The Betwa current at Orcha
Photographer: Deen Dayal, Lala (1844-1905)
Medium: Photographic print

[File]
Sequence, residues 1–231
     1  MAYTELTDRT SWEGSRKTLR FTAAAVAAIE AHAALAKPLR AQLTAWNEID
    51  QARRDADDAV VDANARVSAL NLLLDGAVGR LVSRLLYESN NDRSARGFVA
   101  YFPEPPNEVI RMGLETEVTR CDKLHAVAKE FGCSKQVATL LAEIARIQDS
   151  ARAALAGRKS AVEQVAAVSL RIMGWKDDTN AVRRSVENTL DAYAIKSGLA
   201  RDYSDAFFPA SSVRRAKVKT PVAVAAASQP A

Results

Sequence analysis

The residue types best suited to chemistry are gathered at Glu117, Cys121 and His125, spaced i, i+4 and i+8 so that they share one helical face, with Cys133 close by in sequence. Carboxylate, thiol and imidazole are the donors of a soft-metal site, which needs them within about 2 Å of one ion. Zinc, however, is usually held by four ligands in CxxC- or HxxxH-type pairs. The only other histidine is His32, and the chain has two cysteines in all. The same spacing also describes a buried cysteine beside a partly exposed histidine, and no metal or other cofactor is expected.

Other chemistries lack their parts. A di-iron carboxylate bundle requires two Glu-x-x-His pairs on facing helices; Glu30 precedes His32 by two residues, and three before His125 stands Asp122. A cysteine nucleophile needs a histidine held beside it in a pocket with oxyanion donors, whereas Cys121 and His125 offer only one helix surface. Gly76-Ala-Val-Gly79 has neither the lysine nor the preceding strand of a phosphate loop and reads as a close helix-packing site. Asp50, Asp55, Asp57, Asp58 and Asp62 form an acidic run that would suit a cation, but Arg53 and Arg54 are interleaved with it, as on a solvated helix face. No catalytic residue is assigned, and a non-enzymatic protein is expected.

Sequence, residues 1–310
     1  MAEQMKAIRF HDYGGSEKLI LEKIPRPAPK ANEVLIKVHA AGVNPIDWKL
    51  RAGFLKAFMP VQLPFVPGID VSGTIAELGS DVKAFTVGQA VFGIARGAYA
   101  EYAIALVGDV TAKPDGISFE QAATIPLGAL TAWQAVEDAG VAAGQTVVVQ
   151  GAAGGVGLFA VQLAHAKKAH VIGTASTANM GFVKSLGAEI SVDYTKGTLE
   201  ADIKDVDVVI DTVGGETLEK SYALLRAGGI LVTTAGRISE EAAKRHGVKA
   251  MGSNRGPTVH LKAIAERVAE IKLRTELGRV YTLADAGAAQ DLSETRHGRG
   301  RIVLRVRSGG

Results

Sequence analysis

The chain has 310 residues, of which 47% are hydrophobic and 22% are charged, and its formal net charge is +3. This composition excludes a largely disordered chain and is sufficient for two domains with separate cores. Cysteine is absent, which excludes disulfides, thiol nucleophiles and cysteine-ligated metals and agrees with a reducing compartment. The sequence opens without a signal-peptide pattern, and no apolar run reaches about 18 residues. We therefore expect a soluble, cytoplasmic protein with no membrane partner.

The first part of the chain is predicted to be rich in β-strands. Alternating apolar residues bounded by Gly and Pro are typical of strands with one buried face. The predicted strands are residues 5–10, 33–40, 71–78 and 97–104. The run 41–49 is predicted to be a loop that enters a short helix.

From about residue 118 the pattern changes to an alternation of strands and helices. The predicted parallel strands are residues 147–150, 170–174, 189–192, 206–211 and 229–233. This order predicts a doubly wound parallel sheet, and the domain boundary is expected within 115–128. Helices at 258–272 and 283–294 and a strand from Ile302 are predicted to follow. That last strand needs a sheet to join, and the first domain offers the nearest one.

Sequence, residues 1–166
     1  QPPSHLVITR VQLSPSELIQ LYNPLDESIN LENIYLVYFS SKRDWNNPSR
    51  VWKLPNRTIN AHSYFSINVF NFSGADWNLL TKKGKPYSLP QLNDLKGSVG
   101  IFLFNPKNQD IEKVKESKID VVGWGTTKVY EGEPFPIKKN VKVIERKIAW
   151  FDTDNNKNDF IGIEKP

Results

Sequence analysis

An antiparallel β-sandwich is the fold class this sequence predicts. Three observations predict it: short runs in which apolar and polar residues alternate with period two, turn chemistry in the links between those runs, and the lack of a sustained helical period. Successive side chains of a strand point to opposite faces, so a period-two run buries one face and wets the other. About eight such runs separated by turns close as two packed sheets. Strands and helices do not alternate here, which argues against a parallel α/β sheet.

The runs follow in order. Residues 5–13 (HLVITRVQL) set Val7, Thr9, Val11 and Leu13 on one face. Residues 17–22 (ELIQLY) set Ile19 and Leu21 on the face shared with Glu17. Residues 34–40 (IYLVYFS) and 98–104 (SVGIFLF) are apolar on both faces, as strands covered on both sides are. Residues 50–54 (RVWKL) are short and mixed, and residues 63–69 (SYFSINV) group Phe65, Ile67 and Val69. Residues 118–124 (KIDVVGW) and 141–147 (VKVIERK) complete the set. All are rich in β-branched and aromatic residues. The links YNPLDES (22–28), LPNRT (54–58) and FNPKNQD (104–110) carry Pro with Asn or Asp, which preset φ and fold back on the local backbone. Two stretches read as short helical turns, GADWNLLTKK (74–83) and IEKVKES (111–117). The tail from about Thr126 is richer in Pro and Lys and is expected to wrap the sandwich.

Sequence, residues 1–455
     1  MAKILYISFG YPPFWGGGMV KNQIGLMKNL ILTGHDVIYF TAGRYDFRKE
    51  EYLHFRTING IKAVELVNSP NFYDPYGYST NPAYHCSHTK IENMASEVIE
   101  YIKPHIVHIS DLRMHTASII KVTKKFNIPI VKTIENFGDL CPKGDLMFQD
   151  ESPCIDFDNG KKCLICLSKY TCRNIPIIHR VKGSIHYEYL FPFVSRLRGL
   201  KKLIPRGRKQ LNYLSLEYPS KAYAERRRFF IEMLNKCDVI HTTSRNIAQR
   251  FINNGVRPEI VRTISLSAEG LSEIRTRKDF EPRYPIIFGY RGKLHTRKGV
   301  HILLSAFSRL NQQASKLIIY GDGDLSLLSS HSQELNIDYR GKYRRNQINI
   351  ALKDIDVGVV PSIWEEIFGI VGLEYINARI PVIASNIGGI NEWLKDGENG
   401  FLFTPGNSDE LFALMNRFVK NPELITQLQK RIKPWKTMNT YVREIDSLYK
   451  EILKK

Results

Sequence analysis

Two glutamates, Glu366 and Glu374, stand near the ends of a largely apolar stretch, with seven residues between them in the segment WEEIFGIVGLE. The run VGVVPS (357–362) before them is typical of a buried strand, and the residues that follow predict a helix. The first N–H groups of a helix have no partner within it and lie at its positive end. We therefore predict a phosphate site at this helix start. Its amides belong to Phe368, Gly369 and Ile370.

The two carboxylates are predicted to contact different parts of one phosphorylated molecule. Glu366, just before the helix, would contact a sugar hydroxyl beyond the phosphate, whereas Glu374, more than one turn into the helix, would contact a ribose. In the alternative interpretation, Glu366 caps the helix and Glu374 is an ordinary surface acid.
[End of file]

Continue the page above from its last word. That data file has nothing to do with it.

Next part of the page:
Photograph of the Betwa River at Orchha in Madhya Pradesh, taken by Lala Deen Dayal in 1882. Orchha was founded in 1531 by the Bundela Rajput Raja Rudra Pratap, and was eventually abandoned in 1738 after a time of declining fortune. It was built beside the Betwa River, with a fortified palace complex on an island in the river, approached by a causeway over a bridge. This is a view of the rock-strewn river showing the whirlpools of a strong current in the foreground. In the background on the left is the cenotaph or deval of Raja Bir Singh Deo (ruled 1605-1627), Orchha’s most famous ruler, and beyond it in the distance is the palace he built, the Jahangir Mandir, the most magnificent of three in the city. The photograph is from an album containing architectural and landscape studies of various sites in Central India. The majority of the photographs were taken by Deen Dayal while on tour with Sir Lepel Griffin (1838-1908), who served as Resident at Indore and Agent to the Governor-General of Central India between 1881 and 1888. Many are reproduced in autotype in his ‘Famous Monuments of Central India’ (London, 1886). The album was formerly in the collection of Sir William Lee-Warner (1846-1912), who served in the Indian Civil Service and was a Member of the Council of India between 1902 and 1912.